Research Today Programme Session – Breaking Trials in Colorectal Research
Every year the UK’s specialists in the field of bowel disease come together for their annual meeting – where discussion, debate and the odd bit of merrymaking are the order of the day.
This year they descended on Bournemouth, with BDRF in tow of course, and what a week we had. Research took centre stage, with BDRF flying the flag for our life-saving, life-changing work throughout. We were recruiting hospitals from around the country to new studies on (among many other things) – surgery alone as a safe treatment for rectal cancer (sparing chemo-radiotherapy), prevention of painful and distressing parastomal hernia, getting people back on their feet quicker after surgery, bringing hope to people with late stage bowel cancers, reducing infection rates and how we can better protect frail patients from complications. If you want to get involved as a centre with any of these, do drop us a line.
It was an honour to see our research on display so prominently, and the support for our cause among professionals living every day on the front line, tackling bowel disease was both palpable and humbling.
Below you can read a recap of the week – from fun runs to guest lectures, consensus meetings and (actual) research fireworks.
ACPGBI Conference isn’t complete these days without the annual BDRF fun run.
This year over 30 intrepid runners braved the challenge of a 5k run along a sunlit Bournemouth promenade, spurred on by the need to be back in time for a welcome drinks reception. A bottle of champagne and BDRF T-shirts were on offer for those who raised the most money to support our vital colorectal research, with hundreds of pounds duly mustered. We’re extremely grateful to all who took part and those who donated.
Championing patient voices in research
Increasingly, colorectal research is being shaped not only by clinicians but by people with lived experience of the diseases being treated. BDRF have assumed a trailblazing role in this process, providing a golden thread between academics and patients at the genesis of research projects.
Our Delphi programme merged the priorities of doctors, scientists and patients to ensure we’re all singing from the same hymn sheet when it comes to fighting bowel disease. The results have been truly uplifting and educational for all concerned. Taking interaction out of a formal medical setting, it was beyond rewarding to see people usually seperated by the consulting room table bond and begin to understand each other that little bit better. Ultimately, it brings us another step closer to better treatments and outcomes.
In recognition of this, we were proud to sponsor the first ever Patient Liaison Group session at ACPGBI Conference, chaired by our Trustee Professor Bob Arnott. Building on the work of the last year, the session highlighted to delegates how patient involvement would enable them to do better research. Voices from across the charity sector were in attendance, with a palpable collaborative spirit on display. Thank you to all who took part.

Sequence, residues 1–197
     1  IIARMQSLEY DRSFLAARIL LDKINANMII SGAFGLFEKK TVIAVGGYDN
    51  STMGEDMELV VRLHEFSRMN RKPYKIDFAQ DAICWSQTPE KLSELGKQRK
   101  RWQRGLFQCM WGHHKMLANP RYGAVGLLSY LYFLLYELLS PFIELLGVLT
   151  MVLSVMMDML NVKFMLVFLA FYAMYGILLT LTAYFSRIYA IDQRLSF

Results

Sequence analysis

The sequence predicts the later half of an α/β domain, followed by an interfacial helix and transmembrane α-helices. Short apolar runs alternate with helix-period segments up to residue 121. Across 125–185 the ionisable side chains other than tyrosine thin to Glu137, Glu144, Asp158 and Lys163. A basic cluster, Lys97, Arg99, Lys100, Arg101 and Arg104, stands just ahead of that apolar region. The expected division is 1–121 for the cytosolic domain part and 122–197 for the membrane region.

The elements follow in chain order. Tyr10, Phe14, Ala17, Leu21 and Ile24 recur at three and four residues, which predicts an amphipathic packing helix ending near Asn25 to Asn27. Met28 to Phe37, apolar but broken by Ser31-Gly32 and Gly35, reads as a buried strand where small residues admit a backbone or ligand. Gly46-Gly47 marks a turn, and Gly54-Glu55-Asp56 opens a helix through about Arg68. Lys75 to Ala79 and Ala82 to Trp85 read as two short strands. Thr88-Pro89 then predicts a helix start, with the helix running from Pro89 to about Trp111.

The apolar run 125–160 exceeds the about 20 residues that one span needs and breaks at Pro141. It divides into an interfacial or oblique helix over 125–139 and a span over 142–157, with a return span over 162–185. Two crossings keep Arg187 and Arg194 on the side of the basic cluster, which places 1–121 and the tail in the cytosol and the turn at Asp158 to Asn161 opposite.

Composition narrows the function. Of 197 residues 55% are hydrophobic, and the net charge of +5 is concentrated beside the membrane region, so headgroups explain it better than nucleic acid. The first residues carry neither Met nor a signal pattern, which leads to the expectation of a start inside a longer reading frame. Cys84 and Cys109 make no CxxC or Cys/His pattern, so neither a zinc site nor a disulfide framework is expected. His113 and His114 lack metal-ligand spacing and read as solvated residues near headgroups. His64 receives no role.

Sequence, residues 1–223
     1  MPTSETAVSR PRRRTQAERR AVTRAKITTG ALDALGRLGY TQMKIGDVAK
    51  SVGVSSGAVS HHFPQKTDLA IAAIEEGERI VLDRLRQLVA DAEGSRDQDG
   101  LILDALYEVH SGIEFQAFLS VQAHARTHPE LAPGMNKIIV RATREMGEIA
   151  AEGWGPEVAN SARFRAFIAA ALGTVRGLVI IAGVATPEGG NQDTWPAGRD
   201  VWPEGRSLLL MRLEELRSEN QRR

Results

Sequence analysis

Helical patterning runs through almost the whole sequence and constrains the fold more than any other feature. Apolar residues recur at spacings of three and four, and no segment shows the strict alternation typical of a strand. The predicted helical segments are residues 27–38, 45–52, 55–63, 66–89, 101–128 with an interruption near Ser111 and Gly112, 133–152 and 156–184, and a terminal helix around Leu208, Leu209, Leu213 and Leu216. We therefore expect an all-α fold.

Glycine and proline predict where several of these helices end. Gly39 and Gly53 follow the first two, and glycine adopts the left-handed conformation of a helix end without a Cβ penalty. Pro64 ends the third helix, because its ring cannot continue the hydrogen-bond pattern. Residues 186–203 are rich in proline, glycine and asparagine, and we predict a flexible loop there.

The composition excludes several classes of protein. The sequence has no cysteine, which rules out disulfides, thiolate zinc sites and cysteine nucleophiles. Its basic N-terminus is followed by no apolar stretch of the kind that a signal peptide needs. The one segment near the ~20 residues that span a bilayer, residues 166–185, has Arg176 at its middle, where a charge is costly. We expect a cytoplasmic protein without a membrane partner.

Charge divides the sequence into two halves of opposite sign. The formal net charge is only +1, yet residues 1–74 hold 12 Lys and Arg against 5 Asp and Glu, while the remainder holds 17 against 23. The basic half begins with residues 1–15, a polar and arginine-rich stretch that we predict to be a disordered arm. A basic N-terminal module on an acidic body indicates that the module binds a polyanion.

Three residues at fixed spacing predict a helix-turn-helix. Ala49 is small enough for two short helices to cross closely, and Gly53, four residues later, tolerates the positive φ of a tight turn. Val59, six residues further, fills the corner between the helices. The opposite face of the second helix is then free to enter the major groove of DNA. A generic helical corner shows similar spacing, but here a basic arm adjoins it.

The Delphi programme of research is far from over – and BDRF was back in action again at the postoperative Ileus session. Bringing together specialists to ask a simple question – how can we improve recovery and get people back on their feet quicker after surgery – the session saw live interactive voting on research priorities.
First up the group brainstormed potential factors that could indicate delayed recovery – nausea, loss of appetite, anxiety among others. These were then subjected to a vote to decide which were the most important red flags a clinician should look out for.
Various other factors were taken into account in this way, including the impact on a surgeon of the stress and anxiety caused by a delay in patient recovery.
The session marked a first step in developing a major trial aimed at how we can prevent postoperative ileus and improve recovery. If you are interested in this area of research, please get in touch with us at email@example.com.
BDRF Guest Lecture
Each year, we award the BDRF medal to a guest lecturer delivering their research. This year we invited Ismail Gögenur, Professor of Surgery at Copenhagen University, to present on enhancing recovery after surgery. As we are developing UK research along the same lines this was most welcome and extremely pertinent. A huge thank you to Prof. Gögenur!
The undisputed highlight of the week however comes last – the research forecast session in the main conference hall.
Unveiling scientific research, statistics and findings from trials can sometimes be a rather dry business – but this was anything but.
The culmination of gruelling 6am rehearsals, the research session was something to behold, bringing together a wealth of incredible research trials in an innovative, and engaging presentation that had no shortage of humour.
Delegates (not to mention BDRF staff) were absolutely blown away by the sheer number of cutting edge trials taking place, and the passionate, progressive approach to patient care these researchers embody.
Video of this event was thankfully captured on Twitter – and will be available on our site in full soon, so watch this space.
Once again, thanks to everyone who was a part of it – truly awesome!